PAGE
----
Miromatrix, the University of Minnesota spinoff that holds promise of being able to build human organs and tissue (see the May story), has received a $250,000 loan from the Minnesota State Agricultural and Economic Development Board. With the loan, the board, which typically lends to manufacturers, signals its intention to support emerging high-tech and biotech businesses as well.
A new Minnesota Commercial Real Estate Survey from the University of St. Thomas shows optimism about the next two years. The 50 developers, investors, and financiers surveyed expect occupancy and rental rates to move up, while investors’ rate of return requirements and lenders’ equity requirements drop. Tempering this: Land and construction costs will also rise.
Rochester is one of the “10 Best Cities for the Next Decade,” according to Kiplinger’s Personal Finance, which sought U.S. cities where collaboration between governments, universities, and businesses “supercharges a city’s economic engine.” Kiplinger’s cited the growing partnership between the Mayo Clinic and the University of Minnesota as one reason for putting Rochester on the list. That partnership expands now to include the Karolinska Institute of Stockholm, Sweden, one of Europe’s leading medical research universities. The U of M–Mayo collaboration, known as the Minnesota Partnership for Biotechnology and Medical Genomics, has signed a research pact with the Karolinska Institute that emphasizes work on regenerative medicine, genomics, and immunity.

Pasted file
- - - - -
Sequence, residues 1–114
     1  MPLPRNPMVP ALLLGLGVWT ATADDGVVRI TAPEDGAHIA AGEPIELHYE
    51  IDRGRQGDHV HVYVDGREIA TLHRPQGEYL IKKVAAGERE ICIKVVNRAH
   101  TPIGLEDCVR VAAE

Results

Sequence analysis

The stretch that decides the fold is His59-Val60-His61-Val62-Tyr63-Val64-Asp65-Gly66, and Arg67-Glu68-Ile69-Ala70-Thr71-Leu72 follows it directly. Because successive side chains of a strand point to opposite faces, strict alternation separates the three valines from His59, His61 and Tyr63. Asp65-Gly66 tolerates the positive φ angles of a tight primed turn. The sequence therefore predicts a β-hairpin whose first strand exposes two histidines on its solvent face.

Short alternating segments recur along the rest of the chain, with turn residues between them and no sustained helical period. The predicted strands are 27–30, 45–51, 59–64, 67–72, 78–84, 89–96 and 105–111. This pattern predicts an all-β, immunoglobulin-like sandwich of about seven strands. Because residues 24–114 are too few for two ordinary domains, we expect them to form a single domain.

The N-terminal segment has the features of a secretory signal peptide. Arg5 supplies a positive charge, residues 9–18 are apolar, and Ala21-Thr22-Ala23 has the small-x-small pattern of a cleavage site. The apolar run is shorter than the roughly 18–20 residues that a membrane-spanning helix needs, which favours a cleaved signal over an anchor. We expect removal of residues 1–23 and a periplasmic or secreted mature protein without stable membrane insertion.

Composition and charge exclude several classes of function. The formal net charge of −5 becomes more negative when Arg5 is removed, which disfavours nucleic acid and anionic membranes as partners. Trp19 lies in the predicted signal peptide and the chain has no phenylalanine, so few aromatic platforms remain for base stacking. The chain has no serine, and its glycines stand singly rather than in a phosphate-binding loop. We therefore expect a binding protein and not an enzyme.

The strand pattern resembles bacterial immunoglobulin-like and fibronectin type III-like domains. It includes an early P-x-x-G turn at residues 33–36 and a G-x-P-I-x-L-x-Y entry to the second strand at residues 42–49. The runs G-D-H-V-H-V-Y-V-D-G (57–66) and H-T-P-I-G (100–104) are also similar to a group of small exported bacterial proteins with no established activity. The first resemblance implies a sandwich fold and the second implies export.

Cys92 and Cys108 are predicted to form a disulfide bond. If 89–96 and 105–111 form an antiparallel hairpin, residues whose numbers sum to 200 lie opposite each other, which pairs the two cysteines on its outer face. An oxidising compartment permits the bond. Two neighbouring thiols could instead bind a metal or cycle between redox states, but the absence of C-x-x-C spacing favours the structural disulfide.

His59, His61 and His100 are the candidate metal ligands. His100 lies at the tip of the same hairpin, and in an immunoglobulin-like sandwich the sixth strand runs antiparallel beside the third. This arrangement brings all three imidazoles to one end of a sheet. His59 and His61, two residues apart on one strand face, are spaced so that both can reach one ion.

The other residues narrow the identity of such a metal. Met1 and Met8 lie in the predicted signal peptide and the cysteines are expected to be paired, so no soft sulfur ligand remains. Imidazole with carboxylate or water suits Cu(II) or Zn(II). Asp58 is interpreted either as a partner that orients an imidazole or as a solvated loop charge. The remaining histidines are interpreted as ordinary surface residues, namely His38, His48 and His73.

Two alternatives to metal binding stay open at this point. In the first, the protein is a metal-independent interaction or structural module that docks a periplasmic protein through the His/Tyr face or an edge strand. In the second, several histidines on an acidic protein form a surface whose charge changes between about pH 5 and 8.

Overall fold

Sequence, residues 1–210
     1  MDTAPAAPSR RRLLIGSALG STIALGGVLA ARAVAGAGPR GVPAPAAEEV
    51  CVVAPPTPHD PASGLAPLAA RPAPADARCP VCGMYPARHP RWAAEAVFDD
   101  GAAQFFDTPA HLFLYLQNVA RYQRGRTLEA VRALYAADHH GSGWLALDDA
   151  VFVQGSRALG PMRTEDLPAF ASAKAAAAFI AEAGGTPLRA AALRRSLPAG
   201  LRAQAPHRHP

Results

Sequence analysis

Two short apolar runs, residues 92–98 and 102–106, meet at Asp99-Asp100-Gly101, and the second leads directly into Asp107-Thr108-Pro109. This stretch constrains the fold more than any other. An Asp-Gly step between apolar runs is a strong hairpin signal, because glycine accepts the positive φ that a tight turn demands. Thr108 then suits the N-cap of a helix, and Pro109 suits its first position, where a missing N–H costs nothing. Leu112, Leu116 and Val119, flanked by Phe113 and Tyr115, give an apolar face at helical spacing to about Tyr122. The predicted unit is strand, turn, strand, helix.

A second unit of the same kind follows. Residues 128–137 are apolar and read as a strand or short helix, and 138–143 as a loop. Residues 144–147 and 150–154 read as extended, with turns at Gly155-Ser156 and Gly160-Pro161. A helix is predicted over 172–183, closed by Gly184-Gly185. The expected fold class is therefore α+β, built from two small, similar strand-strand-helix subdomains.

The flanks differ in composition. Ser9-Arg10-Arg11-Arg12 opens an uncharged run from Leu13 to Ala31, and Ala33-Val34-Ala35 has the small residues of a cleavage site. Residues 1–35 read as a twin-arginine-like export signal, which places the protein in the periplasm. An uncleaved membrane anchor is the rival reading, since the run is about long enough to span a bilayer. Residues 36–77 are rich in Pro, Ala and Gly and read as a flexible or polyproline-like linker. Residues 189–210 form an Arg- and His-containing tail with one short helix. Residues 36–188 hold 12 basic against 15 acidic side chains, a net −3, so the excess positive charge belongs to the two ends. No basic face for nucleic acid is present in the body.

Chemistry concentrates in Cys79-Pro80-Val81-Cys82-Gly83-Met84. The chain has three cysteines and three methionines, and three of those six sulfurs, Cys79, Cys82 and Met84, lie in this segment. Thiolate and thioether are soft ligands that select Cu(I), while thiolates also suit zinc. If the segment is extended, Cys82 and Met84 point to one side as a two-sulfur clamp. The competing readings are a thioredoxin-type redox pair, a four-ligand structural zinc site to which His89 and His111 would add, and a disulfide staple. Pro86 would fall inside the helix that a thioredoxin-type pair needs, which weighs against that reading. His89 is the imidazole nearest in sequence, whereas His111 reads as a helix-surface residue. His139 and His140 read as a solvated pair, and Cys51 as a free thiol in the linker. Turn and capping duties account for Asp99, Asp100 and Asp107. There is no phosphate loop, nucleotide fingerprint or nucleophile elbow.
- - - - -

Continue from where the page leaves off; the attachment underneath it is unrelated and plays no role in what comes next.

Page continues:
The newest beer start-up in the twin towns? 612 Brew, which is so new that owner-brewer Robert Kasak is out shopping for brewing equipment and a building to put it in. He considered contracting with another brewer, but says his beers were developed with Minneapolis city water and “we know our consistency is good in Minneapolis.” Estimated time to market: two to six months.